In previous posts, I described the agony of August 22 in 1992 and 1994. But August 22 was not quite finished with me. In 1995 I started writing a book on the Chinook story (eventually published as One Jump Ahead in 1997, the predecessor to the 2009 edition). I signed a publishing contract and then...
… work began in earnest on the book. I had lots that I wanted to say, and the words seemed to effortlessly flow from my mind to the printed page. But there was one chapter (or more precisely, part of a chapter) that I kept avoiding, one story that I just couldn’t find the inner strength to write. Every time I tried to compose the words, I felt a deep sense of unease and would put it off to another day. Eventually another day came. It was the last chapter; I had to write it.
[August 22, 1992.] Game 18 of the 1992 Tinsley match. Infamous game 18. Forfeit.
I can vividly remember every detail of the closing moments of that game. I remember the stage, the board, Tinsley, the audience. I remember daydreaming about a possible win—going up three wins to one in the match—and then the abrupt reality check as Chinook revised its assessment downward to a draw. I remember being angry with my disappointment at the likely draw outcome. I remember the surge of adrenalin that I felt when it dawned on me that there might be a problem with Chinook. I remember the horror as I helplessly watched my much-loved creation forfeit. But most of all I remember the whispers. I remember the murmur from the audience as spectators talked to each other in hushed tones. “Why isn’t the program moving?” Someone in the audience said exactly those words, just loud enough that I could hear them. Those words, barely rising above the din, became permanently etched in my mind.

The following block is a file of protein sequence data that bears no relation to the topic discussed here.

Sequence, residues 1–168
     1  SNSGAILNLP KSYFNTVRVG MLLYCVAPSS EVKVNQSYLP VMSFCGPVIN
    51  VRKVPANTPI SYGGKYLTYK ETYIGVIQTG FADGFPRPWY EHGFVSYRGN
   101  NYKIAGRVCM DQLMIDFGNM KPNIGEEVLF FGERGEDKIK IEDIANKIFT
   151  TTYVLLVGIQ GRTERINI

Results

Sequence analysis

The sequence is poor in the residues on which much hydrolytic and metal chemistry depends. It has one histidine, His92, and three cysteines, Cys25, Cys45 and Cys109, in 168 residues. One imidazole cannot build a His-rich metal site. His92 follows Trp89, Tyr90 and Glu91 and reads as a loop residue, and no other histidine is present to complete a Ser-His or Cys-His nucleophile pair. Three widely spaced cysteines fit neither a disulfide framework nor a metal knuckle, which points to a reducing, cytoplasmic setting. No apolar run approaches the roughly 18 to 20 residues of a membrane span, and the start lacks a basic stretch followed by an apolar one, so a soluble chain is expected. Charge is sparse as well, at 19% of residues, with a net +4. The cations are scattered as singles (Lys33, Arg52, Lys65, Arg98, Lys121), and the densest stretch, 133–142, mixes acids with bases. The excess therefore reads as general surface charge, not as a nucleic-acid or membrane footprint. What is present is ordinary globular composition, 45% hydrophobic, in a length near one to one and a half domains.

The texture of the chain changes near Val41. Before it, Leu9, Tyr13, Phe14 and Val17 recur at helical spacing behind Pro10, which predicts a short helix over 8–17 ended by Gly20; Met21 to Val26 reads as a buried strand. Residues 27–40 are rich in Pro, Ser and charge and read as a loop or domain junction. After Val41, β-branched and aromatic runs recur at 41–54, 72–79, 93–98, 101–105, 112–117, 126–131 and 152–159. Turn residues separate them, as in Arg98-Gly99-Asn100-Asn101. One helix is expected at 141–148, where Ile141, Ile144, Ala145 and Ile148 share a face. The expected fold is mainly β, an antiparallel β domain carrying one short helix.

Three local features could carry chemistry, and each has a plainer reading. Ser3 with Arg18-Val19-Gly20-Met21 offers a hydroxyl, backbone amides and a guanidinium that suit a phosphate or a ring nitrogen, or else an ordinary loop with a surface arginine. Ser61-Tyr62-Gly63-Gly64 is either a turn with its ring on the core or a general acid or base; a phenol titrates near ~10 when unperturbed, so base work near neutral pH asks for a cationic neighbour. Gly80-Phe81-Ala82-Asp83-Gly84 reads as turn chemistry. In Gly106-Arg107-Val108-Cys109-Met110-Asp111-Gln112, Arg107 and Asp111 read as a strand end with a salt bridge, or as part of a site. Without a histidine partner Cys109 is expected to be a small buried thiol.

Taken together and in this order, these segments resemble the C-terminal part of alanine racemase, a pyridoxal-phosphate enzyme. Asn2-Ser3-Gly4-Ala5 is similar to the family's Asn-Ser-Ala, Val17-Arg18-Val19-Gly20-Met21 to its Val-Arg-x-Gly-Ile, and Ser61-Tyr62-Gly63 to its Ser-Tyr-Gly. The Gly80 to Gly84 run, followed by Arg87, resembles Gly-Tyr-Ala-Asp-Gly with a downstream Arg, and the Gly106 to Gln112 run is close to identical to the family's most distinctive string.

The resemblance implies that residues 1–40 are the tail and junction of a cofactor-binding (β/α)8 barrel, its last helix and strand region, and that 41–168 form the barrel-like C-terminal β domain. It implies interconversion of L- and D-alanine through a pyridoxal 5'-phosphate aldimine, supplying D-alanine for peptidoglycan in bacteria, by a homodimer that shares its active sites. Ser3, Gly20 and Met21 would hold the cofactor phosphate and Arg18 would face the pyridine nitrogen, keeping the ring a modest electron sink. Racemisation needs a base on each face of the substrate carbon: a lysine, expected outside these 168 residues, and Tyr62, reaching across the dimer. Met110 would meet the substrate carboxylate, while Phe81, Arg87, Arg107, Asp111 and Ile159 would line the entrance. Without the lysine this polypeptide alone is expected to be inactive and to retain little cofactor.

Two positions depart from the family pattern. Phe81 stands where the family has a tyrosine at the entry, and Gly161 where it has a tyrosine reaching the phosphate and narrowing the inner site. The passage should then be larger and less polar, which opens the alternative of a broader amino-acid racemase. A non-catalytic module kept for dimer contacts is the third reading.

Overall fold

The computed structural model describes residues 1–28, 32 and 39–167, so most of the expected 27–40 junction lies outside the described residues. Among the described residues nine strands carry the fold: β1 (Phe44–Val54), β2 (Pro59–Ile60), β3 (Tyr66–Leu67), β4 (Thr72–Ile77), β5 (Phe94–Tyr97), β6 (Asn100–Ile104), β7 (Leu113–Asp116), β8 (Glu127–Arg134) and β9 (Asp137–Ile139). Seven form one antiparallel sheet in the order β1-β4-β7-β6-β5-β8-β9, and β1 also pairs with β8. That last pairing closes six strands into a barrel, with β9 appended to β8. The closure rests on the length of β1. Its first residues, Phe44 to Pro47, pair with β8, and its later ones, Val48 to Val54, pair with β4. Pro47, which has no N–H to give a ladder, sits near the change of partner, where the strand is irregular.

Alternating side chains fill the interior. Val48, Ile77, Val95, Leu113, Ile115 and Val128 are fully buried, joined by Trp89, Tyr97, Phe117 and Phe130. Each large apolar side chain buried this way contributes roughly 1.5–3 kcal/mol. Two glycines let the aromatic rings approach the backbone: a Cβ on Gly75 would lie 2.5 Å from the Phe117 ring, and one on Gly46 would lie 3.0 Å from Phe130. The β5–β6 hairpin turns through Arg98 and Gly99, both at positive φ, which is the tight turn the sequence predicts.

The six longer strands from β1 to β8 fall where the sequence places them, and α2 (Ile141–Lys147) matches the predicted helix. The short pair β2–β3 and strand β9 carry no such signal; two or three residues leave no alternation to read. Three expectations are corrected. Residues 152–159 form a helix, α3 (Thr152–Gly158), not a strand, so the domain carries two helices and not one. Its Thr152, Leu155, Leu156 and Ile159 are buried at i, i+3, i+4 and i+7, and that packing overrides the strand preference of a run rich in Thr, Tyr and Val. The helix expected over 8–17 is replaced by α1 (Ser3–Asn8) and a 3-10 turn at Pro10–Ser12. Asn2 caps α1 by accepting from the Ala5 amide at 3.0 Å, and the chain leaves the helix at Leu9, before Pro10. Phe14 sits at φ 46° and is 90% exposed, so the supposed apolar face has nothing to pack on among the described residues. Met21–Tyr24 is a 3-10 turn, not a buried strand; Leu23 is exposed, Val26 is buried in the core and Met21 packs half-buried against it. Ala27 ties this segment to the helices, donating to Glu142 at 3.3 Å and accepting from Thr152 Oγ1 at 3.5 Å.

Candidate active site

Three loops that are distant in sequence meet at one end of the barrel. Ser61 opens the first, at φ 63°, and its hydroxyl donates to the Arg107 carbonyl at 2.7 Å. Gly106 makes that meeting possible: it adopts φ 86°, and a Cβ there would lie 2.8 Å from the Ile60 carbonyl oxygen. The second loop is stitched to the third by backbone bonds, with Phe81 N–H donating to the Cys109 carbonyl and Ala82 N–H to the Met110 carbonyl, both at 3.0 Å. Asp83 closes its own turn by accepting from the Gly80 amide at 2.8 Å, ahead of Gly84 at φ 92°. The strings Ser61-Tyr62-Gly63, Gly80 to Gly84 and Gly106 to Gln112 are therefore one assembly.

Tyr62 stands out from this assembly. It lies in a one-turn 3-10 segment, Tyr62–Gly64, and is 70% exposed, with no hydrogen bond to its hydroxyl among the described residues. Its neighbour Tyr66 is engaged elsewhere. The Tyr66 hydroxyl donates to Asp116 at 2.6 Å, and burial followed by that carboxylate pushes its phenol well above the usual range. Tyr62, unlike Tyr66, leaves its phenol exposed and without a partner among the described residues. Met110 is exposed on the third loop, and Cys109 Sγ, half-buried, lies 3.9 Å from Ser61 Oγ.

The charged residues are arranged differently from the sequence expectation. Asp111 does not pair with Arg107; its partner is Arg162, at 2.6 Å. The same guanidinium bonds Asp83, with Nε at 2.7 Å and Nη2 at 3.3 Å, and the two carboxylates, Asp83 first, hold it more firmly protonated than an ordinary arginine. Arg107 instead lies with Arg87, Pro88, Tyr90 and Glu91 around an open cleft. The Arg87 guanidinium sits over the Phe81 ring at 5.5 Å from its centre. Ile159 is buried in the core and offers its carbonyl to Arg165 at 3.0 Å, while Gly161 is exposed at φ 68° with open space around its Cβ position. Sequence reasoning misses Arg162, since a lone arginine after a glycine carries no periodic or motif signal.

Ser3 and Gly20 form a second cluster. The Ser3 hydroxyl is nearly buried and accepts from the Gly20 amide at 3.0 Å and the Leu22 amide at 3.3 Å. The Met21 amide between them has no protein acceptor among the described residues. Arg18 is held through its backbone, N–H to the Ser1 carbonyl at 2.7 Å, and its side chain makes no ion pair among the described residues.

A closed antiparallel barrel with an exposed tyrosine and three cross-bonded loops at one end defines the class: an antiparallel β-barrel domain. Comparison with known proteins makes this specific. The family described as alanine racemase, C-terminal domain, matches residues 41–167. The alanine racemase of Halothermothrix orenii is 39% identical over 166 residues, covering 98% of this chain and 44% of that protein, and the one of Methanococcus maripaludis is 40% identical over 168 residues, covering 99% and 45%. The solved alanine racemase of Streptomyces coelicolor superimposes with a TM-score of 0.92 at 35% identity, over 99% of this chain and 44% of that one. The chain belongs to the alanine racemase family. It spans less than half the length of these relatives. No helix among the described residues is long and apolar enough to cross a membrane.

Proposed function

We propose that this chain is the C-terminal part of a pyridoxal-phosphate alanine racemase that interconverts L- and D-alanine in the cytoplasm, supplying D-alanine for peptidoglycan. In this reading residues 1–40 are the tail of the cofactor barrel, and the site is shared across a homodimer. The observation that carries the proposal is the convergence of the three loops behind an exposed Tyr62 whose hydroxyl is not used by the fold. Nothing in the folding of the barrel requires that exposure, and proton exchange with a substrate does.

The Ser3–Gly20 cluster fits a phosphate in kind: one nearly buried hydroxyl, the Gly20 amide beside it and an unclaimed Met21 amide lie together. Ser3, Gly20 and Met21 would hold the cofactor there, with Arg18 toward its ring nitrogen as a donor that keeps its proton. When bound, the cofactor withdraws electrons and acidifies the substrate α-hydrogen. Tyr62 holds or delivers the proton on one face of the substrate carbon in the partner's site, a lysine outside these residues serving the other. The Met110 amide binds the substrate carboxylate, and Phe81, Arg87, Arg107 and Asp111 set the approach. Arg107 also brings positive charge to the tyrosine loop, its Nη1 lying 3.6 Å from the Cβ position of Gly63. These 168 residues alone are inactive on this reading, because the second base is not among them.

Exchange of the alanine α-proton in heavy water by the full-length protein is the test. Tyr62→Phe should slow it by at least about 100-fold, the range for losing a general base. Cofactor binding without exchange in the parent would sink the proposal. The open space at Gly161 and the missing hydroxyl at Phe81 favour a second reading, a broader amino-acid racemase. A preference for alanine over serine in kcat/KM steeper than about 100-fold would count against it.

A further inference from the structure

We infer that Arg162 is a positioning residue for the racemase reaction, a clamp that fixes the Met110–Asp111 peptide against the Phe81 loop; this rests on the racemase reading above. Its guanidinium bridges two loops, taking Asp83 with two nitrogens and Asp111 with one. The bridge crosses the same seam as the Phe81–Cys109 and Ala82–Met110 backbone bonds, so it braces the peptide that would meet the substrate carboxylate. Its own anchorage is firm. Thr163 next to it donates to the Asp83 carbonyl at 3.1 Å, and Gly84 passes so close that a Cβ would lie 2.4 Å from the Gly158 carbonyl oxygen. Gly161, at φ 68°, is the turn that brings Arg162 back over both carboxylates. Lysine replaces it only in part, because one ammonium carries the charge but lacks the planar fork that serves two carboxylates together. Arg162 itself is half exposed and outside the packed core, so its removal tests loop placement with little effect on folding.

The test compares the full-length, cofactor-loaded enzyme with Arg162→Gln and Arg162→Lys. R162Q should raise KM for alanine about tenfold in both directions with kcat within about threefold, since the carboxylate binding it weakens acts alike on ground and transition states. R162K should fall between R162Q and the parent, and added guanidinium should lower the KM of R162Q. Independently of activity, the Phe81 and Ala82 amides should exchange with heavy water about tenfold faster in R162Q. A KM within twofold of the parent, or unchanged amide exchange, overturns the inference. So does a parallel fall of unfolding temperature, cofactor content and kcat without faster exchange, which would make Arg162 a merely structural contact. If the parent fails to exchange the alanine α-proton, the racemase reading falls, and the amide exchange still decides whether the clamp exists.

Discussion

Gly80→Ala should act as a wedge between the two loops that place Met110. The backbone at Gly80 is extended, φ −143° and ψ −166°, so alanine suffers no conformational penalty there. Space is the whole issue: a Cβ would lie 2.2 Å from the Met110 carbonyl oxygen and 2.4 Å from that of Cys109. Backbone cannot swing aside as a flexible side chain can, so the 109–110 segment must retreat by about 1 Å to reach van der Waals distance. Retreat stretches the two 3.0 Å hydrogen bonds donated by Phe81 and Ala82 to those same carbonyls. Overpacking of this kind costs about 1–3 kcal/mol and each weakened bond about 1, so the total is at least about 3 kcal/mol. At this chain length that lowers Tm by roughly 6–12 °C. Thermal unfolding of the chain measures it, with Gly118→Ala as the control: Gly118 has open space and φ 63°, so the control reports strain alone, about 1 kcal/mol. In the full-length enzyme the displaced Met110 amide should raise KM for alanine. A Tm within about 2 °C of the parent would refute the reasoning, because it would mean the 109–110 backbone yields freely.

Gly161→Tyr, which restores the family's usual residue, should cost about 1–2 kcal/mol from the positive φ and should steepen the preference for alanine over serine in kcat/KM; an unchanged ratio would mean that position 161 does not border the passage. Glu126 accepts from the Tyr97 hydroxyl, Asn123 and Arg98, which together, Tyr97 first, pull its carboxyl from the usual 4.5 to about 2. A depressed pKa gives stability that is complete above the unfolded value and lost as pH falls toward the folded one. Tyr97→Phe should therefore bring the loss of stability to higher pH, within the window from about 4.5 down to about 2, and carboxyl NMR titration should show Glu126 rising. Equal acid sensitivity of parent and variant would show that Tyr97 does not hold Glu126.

I can recall the sound in the room slowly rising as more spectators started whispering, wondering what was going on. It was like an orchestra, which reached a crescendo the moment Chinook’s flag fell signaling a forfeit. During all of this I can still recall—no, feel—the sense of helplessness that overcame me as I sat on the stage with 200 pairs of eyes staring at me with confused and concerned expressions. I can recall so much of those final minutes. It’s all indelibly seared on my brain.
Then the nightmares started. The first one came two months after returning home from London. I would relive the final minutes of game 18 in all its excruciating detail. Most of all I remembered the whispers, the murmurs: “Why isn’t the program moving?” I would awake with a start, with my heart racing and my breathing rapid and shallow. I had great trouble falling back asleep. The nightmares happened several times a month. I don’t know what triggered them or why they were so intense. All I knew was that game 18 had a profound impact on my subconscious psyche.
When it came time to write One Jump Ahead, I found it difficult to turn my feelings about game 18 into words. Eventually, I had to do it. I sat down at my desk, took a few deep breaths and forced myself to confront my emotions. What seemed like a few minutes later, I paused to get a coffee. To my surprise I had somehow managed to write many pages of text. The floodgates had opened, and words just kept coming. I finished the first draft of the text that day, and it went through very little editing to reach its final published form (unlike most other chapters).
Since that day my nightmare hasn’t reappeared; I’m cured! Writing that fateful text turned out to be therapeutic for me. I wish I had known that when I started work on the book; game 18 would have been the first chapter I wrote, not the last.